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The War Garden Victorious


CONTENTS

 

Title

I.

How the National War Garden Commission Came into Being

II.

The Story of the War Garden

III.

How War Gardens Helped

IV.

Types of War Gardens

V.

Uncle Sam's First War Garden

VI.

How Big Business Helped

VII.

How the Railroads Helped

VIII.

The Army of School Gardeners

IX.

Community Gardening

X.

Cooperation in Gardening

XI.

War Gardens as City Assets

XII.

The Part Played by Daylight Saving

XIII.

The Future of War Gardening

XIV.

Conserving the Garden Surplus

XV.

Community Conservation

XVI.

Conservation by Drying

XVII.

Why We Should Use Dried Foods

XVIII.

The Future of Dehydration

XIX.

Cooperation of the Press
  Chapter 19 - Cartoon Illustrations
   
 

APPENDIX

  "War Gardening,"
Victory Edition, 1919
INDEX
Cover / Letters / 1 / 2 / 3 / 4 / 5 / 6 / 7 / 8 / 9 / 10 / 11 / 12 / 13 / 14 / 15 / 16 / 17 / 18 / 19 / 20 / 21 / 22 / 23 / 24 / 25 / 26 / 27 / 28 / 29 / 30 / 31 / 32
More Letters / Back

 
  "Home Canning and Drying," Victory Edition, 1919
INDEX
Cover / Letters / 1 / 2 / 3 / 4 / 5 / 6 / 7 / 8 / 9 / 10 / 11 / 12 / 13 / 14 / 15 / 16 / 17 / 18 / 19 / 20 / 21 / 22 / 23 / 24 / 25 / 26 / 27 / 28 / 29 / 30 / 31 / 32
More Letters / Back
 
 


Color Plates

  Sow the Seeds of Victory - Every Garden a Munition PlantWILL YOU HAVE A PART IN VICTORY?

"Every Garden a Munition Plant"

James Montgomery Flagg


  War Garden Victorious Poster - War Gardens Over The TopA Poster Spreading the Idea of Militant War Gardens

Maginel Wright Enright


  War Garden Victorious Poster - Every Garden a Peace PlantA Poster for 1919, Symbolic of Victory

Maginel Wright Enright


  War Garden Victorious Poster - Can Vegetables, Fruits and the Kaiser tooCAN VEGETABLES, FRUIT AND THE KAISER TOO

J. Paul Verrees

A Poster Which Was Used in 1918, and Which, Amended–Following Germany's Defeat–Was Also Forceful in 1919

   
 

OTHER POSTERS

  We can can vegetables, fruti and the Kaiser too We can can Vegetables Fruit and the Kaiser too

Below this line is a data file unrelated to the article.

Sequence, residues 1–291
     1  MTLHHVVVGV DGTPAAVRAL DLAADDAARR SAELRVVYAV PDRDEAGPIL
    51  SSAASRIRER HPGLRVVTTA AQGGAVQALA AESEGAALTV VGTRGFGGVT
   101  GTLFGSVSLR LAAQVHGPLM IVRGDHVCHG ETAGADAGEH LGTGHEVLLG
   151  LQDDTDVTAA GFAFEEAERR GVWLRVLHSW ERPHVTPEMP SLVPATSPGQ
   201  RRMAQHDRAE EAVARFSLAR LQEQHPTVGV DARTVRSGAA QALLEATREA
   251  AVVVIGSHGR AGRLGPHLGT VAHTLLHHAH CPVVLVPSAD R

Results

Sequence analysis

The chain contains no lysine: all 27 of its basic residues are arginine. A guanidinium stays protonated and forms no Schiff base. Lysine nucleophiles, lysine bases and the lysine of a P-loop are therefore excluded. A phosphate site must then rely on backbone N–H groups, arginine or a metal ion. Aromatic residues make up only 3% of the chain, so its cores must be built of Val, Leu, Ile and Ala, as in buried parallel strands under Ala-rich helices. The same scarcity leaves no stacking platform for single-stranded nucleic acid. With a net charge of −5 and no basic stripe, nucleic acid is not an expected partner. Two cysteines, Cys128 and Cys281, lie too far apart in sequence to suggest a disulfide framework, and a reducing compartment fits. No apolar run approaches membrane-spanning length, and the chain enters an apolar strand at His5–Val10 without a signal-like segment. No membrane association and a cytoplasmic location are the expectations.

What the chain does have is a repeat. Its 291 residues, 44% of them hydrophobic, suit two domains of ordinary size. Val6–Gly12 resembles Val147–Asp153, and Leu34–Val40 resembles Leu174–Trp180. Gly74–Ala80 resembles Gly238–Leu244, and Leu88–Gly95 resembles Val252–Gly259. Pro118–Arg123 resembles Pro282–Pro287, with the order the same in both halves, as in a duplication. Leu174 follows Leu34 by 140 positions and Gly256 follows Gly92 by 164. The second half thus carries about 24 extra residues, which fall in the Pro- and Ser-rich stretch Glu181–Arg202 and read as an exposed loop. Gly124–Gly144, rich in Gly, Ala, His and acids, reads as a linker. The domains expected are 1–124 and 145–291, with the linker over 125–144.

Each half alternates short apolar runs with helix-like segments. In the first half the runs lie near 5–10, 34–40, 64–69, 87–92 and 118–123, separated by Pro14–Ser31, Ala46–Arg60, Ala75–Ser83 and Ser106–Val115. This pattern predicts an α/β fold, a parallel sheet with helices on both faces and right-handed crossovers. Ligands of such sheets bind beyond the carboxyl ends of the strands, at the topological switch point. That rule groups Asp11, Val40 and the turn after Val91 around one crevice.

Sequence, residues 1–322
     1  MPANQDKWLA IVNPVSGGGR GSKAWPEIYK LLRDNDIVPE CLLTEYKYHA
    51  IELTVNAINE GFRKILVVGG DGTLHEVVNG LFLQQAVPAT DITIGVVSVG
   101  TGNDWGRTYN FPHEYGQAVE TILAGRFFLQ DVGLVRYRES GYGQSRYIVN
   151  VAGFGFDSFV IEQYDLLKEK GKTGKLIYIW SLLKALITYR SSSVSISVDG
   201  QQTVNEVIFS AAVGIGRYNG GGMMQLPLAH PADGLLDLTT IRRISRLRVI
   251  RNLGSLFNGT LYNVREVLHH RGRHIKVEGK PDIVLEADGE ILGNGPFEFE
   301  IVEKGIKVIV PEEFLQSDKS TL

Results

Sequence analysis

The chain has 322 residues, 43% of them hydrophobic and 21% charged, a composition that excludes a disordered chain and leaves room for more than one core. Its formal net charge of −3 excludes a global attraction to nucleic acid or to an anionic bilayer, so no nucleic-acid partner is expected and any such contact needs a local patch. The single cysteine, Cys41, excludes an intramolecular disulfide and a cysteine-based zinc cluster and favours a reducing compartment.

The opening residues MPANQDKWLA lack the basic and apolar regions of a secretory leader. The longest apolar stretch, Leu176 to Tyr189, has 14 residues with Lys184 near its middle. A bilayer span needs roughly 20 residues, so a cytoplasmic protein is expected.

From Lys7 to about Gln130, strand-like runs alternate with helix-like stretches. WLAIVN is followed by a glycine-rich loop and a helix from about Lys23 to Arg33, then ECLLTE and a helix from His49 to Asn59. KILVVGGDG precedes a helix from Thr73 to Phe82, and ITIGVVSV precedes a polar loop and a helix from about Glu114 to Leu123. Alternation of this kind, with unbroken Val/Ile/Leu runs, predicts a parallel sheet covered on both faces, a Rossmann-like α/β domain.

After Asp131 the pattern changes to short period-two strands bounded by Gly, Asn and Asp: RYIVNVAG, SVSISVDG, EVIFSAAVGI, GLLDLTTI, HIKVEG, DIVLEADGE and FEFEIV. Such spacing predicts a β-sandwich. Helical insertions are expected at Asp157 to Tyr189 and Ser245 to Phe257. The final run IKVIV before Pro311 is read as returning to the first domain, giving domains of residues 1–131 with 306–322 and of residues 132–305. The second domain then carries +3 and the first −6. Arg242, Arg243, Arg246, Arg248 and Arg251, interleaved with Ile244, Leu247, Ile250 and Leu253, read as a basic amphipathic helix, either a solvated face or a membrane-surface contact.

Cover of Victory Edition 1919 War Gardening and Home Storage of Vegetables Cover     Letters from War Department and U.S. Food Administration Letters

 

WAR DEPARTMENT
WASHINGTON

June 7, 1918.

NATIONAL WAR GARDEN COMMISSION,
WASHINGTON, D.C.

Dear Sirs:

     The War Department finds much satisfaction in the creation of War Gardens at various army camps by the Conservation and Reclamation Division of the Quartermaster General's office. Food production at these camps has been the subject of some concern with the department. The large areas of tillable land within many of the military reservations have been regarded as offering potential food production on a large scale, and I feel that the army is to be congratulated that the utilization of this space has now taken concrete form.
     Camp War Gardens will serve more than one useful purpose. The production of food at the mess door is of great importance in that it not only lessens the army's demand on the usual sources of supply but eliminates transportation as well.
      To the National War Garden Commission I extend the thanks of the Department for its quick response to the appeal of the Quartermaster General's office for co-operation. Not confining itself to mere compliance with the letter of the request, the Commission entered fully into its spirit. At a time when funds were not available through Government channels the Commission voluntarily provided seed, fertilizers and equipment which made possible the establishment of a War Garden of 300 acres or more at Camp Dix. For this generous contribution and for swift action to overcome the handicap of a late start I take pleasure in making this acknowledgment and in expressing the hope that the Camp Dix War Garden of the National War Garden Commission will prove an unqualified success.

Cordially yours,
(Signed) NEWTON D. BAKER,
Secretary of War.


 

UNITED STATES FOOD ADMINISTRATION

Baltimore, Maryland.
September 14, 1918.

NATIONAL WAR GARDEN COMMISSION,
Maryland Building,
Washington, D.C.

Gentlemen:

     We wish to express to you our appreciation of your helpfulness in our war garden, canning and drying work in Maryland during the season of 1918. Your book on canning and drying has been of great value, while the canning outfits which you so kindly gave us made it possible for us to establish canning centers throughout the State, with results of far-reaching importance which could not have been otherwise accomplished. We are equally appreciative of your prompt and willing response to our request for the services of one of your trained investigators to assist in our war garden work. Your spirit of prompt and willing service is cordially appreciated.

Yours truly,
(Signed) EDWIN G BAETJER,
Federal Food Administrator for Maryland.